D&B Together was the sixth or seventh album the duo made with their collection of friends. (Genesis, listed on All-Music Guide as a 1971 album, is – I believe – a collection of outtakes from very early sessions, so I discount that as an album. But AMG lists an album titled Country Life on Atco in 1972, and I know nothing about that album. Anyone out there?) But regardless of whether it was Number Six or Number Seven, it was the last. The partnership of the two singers – musical and marital – was coming to an end.

For the most part, that last album is a good collection of country-rock with the gospel and R&B inflections that charged the duo’s best albums. For me, the question always arises: How much of the credit for their good and great albums belongs to Delaney & Bonnie, and how much should go to their famous friends? I’m not sure how one would divide the credit, but as good as Delaney and Bonnie were, the quality of their records was at least in part due to their ability to attract superlative musicians into the studio. On the other hand, Delaney was a very good producer. And all of those factors were assets on D&B Together.

Here’s some information from the notes to the 2003 CD reissue of the album (a reissue that seems to be difficult to find, if not out of print):

On “Only You Know And I Know,” guitar work comes from Dave Mason and Eric Clapton.

Tina Turner joins the duo on “Sound Of The City.”

“Comin’ Home” features work once more by Clapton and Mason, and Clapton also joins in on “Groupie (Superstar),” the Bonnie Bramlett/Leon Russell composition that was a hit for the Carpenters in a slightly bowdlerized version.

A quote from Delaney is a little unclear, but if I read it correctly, Duane Allman – in what had to be one of his last bits of session work – added guitar on “A Good Thing (I’m On Fire)”.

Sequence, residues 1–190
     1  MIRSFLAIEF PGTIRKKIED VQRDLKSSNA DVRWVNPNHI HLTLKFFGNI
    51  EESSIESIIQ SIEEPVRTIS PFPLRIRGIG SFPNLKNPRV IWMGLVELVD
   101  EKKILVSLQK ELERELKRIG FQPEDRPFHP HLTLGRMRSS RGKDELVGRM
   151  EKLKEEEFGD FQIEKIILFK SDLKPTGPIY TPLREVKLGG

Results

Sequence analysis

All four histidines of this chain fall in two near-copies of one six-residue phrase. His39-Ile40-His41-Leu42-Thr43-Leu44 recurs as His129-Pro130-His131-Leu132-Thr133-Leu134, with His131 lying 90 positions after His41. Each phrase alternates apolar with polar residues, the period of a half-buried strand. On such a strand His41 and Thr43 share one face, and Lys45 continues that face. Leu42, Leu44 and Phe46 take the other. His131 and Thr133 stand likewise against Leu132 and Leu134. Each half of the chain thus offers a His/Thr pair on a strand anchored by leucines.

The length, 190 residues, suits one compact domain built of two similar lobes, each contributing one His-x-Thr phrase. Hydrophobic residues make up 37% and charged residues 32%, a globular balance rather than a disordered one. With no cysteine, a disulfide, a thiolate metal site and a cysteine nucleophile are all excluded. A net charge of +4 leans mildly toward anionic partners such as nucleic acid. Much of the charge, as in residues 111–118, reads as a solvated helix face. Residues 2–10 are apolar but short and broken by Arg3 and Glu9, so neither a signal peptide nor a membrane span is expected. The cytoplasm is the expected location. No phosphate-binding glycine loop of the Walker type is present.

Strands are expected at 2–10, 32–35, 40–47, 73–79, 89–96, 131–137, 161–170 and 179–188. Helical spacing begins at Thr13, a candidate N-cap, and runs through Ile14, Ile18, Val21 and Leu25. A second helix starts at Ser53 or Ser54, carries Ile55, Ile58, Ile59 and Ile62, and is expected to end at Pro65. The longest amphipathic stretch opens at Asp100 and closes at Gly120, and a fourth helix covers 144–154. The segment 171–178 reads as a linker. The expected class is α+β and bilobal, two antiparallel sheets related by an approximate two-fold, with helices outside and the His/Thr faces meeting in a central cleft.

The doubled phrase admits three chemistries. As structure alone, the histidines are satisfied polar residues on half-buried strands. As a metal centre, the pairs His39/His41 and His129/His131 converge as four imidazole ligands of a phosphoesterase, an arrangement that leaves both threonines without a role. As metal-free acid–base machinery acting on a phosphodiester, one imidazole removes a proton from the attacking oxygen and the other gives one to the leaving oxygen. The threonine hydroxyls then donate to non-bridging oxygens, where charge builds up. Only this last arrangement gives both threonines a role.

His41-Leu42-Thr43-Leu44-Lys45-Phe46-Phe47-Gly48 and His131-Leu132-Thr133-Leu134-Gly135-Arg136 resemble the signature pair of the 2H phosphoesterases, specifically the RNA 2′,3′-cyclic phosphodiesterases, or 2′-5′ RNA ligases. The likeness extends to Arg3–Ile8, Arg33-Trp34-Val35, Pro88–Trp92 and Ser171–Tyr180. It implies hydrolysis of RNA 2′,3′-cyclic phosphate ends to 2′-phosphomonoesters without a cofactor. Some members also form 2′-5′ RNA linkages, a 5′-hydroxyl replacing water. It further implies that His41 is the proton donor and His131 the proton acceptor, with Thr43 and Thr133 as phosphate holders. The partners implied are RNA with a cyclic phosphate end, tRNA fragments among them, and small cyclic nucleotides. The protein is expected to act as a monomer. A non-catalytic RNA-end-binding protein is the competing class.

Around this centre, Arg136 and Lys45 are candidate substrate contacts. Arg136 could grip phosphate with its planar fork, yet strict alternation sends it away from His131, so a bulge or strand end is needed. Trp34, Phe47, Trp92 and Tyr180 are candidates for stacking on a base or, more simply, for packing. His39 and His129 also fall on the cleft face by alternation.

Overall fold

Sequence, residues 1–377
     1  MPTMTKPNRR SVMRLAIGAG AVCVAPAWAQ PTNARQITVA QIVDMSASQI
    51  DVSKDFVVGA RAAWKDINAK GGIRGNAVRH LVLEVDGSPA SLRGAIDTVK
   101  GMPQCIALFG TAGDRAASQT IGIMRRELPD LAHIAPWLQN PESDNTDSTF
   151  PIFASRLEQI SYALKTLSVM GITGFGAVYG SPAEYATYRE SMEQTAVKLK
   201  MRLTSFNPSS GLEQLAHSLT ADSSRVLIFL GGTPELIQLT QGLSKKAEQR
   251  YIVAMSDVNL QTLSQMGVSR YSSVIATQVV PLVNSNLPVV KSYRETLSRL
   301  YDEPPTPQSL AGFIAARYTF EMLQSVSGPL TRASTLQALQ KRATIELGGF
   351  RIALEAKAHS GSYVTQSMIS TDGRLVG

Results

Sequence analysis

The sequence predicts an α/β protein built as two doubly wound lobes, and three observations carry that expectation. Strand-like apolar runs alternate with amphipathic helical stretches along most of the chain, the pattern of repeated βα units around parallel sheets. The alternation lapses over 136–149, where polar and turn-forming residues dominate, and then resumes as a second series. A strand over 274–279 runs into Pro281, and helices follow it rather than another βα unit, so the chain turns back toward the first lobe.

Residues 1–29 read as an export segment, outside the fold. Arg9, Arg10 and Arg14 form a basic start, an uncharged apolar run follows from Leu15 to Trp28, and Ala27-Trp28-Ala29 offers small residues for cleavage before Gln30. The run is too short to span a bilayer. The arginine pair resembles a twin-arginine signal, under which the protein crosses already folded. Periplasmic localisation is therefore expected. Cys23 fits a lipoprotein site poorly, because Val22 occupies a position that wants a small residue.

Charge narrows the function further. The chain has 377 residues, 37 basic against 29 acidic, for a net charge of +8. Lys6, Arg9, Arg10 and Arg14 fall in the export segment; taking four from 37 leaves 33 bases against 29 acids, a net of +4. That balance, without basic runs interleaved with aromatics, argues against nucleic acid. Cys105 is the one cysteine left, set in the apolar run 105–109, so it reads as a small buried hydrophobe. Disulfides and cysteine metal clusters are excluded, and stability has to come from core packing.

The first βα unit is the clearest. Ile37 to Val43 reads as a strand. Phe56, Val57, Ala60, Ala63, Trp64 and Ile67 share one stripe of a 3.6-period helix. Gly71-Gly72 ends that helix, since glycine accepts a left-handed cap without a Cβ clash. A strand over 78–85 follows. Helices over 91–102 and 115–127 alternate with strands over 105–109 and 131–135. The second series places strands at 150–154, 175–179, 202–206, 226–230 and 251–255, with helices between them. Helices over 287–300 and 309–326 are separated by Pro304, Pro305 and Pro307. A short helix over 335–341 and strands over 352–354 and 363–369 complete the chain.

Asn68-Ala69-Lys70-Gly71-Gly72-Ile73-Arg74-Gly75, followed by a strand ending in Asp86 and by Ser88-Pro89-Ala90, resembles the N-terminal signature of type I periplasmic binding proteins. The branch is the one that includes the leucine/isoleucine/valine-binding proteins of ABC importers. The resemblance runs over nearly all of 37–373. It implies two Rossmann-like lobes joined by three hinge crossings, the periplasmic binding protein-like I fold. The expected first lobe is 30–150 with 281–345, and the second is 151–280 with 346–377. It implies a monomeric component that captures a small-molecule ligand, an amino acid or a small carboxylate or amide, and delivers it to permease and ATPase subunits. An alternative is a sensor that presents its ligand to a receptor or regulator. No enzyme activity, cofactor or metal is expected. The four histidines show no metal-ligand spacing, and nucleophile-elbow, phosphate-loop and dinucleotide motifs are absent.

The next-to-last track on the album “I Know Something Good About You,” has a pretty good cast, too: King Curtis (in what must have been one of his final sessions, as well), Billy Preston, Bobby Womack, Venetta Fields, Clydie King, Wilson Pickett and a singer Delaney identifies in the comments about the track as Aretha. (Franklin? She’s not mentioned in the long list of general credits, but neither is any other Aretha. And at the end of the list – compiled in 2002 – Delaney writes: “If I left anybody out, I’m sorry, I’m old.”)

Other musicians of note mentioned in that long list were Carl Radle, Jim Gordon, Jim Price, Bobby Keys, Larry Knechtel, Bobby Whitlock, Steve Cropper, James Jamerson and Merry Clayton. (Somewhere in the notes, I also saw a mention of drummer Jim Keltner but I don’t see his name on the list.)

So, as usual, Delaney and Bonnie drew a pretty good crowd of friends. And they did a pretty good job. I don’t know if the album is up to the standard of their earlier albums, but it’s not far off. Highlights for me are the gospelly “Wade In The River Of Jordan,” “Comin’ Home,” “Move ’Em Out” with its great sax solo (likely by Keys) and “A Good Thing (I’m On Fire).” Disappointments? Only a couple: I’m not fond of the version of “Groupie (Superstar)” and I could do without the string-laden and overly long intro to “Country Life,” a song Delaney co-wrote with Bobby Whitlock.

Track listing:
Only You Know And I Know
Wade In The River Of Jordan
Sound Of The City
Well, Well
I Know How It Feels To Be Lonely
Comin’ Home
Move ’Em Out
Big Change Comin’
A Good Thing (I’m On Fire)
Groupie (Superstar)
I Know Something Good About You
Country Life

Delaney & Bonnie – D&B Together [1972]